NGOs Functions in Promoting Human Rights in Bangladesh

NGOs Functions in Promoting Human Rights in Bangladesh

NGOs Programmes in Protecting HR in Bangladesh

For several years, many NGOs in Bangladesh have been actively working to protect and uphold human rights, particularly the rights of women and children. They are very active in creating awareness among the policy-makers and actors working among the general masses. They are trying to reform laws to eliminate social, legal and political discrimination based on gender, class, ethnicity, race and religion. Through awareness building, lobbying, and mass communication, they carry out advocacy at different levels, i.e., local, national and international. 

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Few NGOs also provide legal aid to the poor and victims, particularly women, workers and children, in counselling, mediation and litigation. Since awareness about rights and responsibility is necessary to protect rights and establish justice, many NGOs have awareness campaigns on human rights and constitutional laws, family laws, women's rights, and violence against women and children. As the protection of human rights is an integral part of democracy, human rights defenders play an essential role in promoting the rule of law by defending people's rights and continuing their efforts to set standards to ensure that no rights are violated by either state or non-state actors. Until the early 1990s, however, human rights activism in Bangladesh was confined, practically speaking, to only several legal professionals. Their human rights non-governmental organisations (NGOs) were operated with an elitist and legalist outlook rather than a service-based approach. As a result, there was a type of client-patron relationship between victims of human rights violations and these organisations, which became active only when there were political or vested interests for the benefit of certain elites,

NGOs in Bangladesh work to promote awareness of human rights and identify the problem in protecting and enjoying human rights. NGOs, Govt. and international institutions are working together to establish a human rights-based consensus to redefine human rights related policy. Regularly engage in civil society debates in the media, their public campaigns and advocacy work for legal reform.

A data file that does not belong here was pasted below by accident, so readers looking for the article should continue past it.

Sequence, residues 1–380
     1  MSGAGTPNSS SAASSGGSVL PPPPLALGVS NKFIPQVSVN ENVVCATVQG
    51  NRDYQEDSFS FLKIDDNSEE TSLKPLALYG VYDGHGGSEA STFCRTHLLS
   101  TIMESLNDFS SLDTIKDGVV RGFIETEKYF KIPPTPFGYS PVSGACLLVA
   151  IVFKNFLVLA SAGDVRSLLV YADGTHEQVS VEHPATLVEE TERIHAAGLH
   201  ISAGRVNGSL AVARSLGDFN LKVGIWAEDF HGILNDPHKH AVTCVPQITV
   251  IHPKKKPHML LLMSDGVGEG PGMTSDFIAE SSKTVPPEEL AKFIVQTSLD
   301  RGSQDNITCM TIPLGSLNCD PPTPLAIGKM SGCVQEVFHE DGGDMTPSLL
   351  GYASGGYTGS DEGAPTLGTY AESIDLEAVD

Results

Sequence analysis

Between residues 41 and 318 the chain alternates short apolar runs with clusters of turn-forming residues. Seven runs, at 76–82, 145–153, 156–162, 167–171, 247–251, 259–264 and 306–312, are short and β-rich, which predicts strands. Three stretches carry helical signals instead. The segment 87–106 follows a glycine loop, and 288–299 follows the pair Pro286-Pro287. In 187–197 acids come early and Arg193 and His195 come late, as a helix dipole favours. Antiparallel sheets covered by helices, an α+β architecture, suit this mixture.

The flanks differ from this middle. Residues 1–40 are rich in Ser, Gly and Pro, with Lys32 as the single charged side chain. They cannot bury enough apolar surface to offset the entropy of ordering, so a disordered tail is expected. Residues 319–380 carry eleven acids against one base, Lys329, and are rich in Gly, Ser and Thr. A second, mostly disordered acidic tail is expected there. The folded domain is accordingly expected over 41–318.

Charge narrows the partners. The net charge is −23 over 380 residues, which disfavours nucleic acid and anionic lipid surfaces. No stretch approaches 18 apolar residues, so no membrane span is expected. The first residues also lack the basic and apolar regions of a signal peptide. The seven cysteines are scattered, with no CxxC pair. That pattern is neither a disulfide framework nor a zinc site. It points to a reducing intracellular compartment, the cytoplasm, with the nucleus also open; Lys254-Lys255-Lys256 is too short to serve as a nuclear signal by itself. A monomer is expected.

Documentation and Networking 

All NGOs have a documentation team that keeps the organisation updated with human rights abuses published in the major national dailies. The work of the documentation unit is to gather and document relevant information for investigation purposes from both the daily papers and personal and organisational sources/contacts, including human rights defenders. These are included in annual human rights reports and monthly reports of human rights violations, distributed to the media for publication and other NGOs.


Ngo's fact-finding activities cover torture, cruel, inhuman and degrading treatment or punishment and abuse of some specific laws leading to human rights violations, repression against innocent people and application of unnecessary force by law enforcement agencies. They identify human rights violations reported in the newspapers. Still, They need further enquiry and information to clearly establish the actual abuse faced by the victims, the causes behind the abuse, and the persons responsible. While the media focuses on human rights violations more from a journalistic perspective confined to reporting the incident only, the fact-finding goes deep into the happenings from a socio-legal perspective.


The Research Unit at NGO is responsible for the archival preservation and enhancement of the fact-finding reports. This involves including legal rights, available data and statistics from previous years and recommendations into the main text of the fact-finding reports and translation and editing work. The work also involves the preparation of human rights reports, collecting data regarding various human rights abuses throughout the year, and writing and publishing multiple articles on human rights abuses for public knowledge. Another activity of the Research Unit is to keep international and regional human rights organisations.

Election Monitoring and Observation